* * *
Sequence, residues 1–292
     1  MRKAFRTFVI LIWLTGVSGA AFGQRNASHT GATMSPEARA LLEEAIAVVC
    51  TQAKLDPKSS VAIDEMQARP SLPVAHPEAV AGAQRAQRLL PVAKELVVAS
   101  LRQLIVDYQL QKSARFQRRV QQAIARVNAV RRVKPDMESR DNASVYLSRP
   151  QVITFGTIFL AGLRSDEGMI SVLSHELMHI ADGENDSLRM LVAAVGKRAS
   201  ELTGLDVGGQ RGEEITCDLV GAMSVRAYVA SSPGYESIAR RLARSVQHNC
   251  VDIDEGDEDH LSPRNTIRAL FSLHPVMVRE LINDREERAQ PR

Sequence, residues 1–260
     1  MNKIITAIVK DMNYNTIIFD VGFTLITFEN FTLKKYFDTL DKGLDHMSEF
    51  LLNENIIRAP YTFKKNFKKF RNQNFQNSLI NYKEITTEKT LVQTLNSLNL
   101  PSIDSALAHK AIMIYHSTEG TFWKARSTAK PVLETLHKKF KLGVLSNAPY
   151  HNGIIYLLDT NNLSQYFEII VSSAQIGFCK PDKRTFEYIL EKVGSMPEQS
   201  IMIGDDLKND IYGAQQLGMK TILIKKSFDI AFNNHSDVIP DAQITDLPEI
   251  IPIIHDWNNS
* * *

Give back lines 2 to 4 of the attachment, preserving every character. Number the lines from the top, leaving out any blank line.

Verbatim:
     1  MRKAFRTFVI LIWLTGVSGA AFGQRNASHT GATMSPEARA LLEEAIAVVC
    51  TQAKLDPKSS VAIDEMQARP SLPVAHPEAV AGAQRAQRLL PVAKELVVAS
   101  LRQLIVDYQL QKSARFQRRV QQAIARVNAV RRVKPDMESR DNASVYLSRP